Luchemos juntos por una atención médica universal

No peace of mind. Palestinian Mental Health Under Occupation

'No hay paz mental. La salud mental de la población palestina bajo la ocupación' estudio sobre las consecuencias para la salud mental de los palestinos que viven bajo la ocupación israelí, realizado por Médicos del Mundo Francia y la Asociación de Agencias de Desarrollo Internacional (AIDA). La investigación contenida en este informe, analítica y prescriptiva, nos dice mucho sobre las heridas mentales invisibles, pero muy reales, resultantes de un entorno tan coercitivo.

No Peace of Mind – this wonderful new study on the mental health consequences for Palestinians living under Israeli occupation by Médecins du Monde France and the Association of International Development Agencies – is as timely as it is welcomed. This research in this report, which is both analytical and prescriptive, tells us much about the invisible, but very real, mental wounds resulting from such a coercive environment.

This pilot study has shown the far-reaching consequences of settler violence and demolitions on Palestinians’ mental health. These issues are not new, but their documentation and tracking are crucial to measuring the depth of Israeli violations of Palestinians human rights in how they both physically and mentally scar every generation of Palestinian living under systemic discrimination and oppression established by decades of occupation.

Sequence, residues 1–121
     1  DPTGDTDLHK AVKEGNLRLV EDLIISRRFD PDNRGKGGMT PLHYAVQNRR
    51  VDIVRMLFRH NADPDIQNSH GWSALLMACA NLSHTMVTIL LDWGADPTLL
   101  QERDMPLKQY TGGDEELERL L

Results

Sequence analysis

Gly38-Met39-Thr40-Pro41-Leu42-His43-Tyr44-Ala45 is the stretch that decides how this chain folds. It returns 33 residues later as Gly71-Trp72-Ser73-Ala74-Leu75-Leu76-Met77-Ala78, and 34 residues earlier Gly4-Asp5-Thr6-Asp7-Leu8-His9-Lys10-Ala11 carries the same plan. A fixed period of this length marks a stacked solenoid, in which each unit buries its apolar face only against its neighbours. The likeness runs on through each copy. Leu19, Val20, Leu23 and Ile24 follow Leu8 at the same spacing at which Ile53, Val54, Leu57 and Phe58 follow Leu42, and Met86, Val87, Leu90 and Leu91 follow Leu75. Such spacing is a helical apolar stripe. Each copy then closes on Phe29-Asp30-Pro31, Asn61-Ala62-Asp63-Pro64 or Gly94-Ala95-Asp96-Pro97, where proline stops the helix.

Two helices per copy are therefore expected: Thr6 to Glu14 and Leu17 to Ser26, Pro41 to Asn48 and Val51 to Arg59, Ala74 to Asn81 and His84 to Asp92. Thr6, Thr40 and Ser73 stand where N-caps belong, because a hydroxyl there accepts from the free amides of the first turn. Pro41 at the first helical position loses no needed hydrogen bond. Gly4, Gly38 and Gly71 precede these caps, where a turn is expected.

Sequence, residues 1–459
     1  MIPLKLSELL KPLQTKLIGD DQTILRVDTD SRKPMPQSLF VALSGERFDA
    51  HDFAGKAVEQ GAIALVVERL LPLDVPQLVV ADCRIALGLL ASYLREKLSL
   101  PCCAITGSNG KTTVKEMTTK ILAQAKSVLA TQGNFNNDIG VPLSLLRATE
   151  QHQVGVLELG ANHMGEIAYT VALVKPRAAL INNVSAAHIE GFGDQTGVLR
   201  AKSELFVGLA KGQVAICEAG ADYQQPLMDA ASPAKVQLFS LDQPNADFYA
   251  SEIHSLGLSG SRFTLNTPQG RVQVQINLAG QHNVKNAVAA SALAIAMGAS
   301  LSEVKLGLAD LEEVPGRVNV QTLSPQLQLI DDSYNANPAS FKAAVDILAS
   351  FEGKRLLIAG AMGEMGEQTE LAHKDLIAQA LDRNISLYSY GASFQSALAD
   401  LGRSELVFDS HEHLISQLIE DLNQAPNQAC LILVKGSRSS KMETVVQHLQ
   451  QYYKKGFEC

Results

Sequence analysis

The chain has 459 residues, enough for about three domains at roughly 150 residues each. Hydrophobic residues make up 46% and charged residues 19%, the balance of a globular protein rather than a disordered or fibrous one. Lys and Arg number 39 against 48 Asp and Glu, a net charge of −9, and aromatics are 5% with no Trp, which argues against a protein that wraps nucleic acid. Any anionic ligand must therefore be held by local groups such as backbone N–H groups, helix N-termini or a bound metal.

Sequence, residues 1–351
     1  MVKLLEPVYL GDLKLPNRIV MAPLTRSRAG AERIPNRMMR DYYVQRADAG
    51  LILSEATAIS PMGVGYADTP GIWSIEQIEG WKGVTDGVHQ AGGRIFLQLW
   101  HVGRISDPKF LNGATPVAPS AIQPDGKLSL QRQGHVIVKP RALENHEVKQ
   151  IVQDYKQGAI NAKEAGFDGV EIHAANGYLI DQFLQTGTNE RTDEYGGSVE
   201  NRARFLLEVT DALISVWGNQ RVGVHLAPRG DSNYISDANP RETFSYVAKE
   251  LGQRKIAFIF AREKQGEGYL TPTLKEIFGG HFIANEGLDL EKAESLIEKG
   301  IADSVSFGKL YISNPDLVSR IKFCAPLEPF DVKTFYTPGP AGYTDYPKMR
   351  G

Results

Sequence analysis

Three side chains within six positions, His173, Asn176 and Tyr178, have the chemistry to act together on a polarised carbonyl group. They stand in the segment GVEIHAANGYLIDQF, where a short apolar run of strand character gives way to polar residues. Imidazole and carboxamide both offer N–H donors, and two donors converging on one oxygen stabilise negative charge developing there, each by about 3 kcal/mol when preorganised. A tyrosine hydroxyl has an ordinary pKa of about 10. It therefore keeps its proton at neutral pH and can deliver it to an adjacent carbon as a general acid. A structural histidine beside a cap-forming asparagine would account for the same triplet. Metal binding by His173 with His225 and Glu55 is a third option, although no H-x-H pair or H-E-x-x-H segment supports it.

Among the manifestations the communities surveyed experienced as a result of Israeli violations, headaches and stomach pain were among the most common physical symptoms across age and gender. Minimised concentration, symptomatic of an inability to focus due to the trauma experienced, no matter its intensity or frequency, was one of the most common cognitive effects found in this sample. Fear, anxiety, sadness, despair and lack of safety were the main categories among the emotional impacts assessed across age and gender, while isolation was the most frequently found by-product in terms of behavioural issues assessed.

Further, the Palestinian Health care system is not able to deal with this growing issue. For the past few years, the Palestinian Ministry of Health (MoH) has stated that Mental Health is one of its priorities, but this has not been reflected in the financial resources allocated. One reason for underfunding is that Mental health is still not prioritised neither by the Ministry nor by the donors, in particular during crises; they rather invest in physical lifesaving activities than in something less tangible such as mental health and psychosocial support. There needs to be a recognition both at donor and at MoH level of the importance of prioritising funding to improving mental health services, developing staff knowledge and building adequate and sustainable resources throughout the health care system. The MoH needs also to invest in combatting stigma in Palestinian society around mental health and psychosocial support, campaigning both at community and also with health care providers to ensure safe, reliable and easy access to MHPSS services. Further, in 2019, the new National Mental Health Strategy was due to be drafted for the upcoming five years (2020-2024) by the MoH.

This process should be reinvigorated and is an important opportunity for sending clear messages on priorities in an inclusive and compressive way.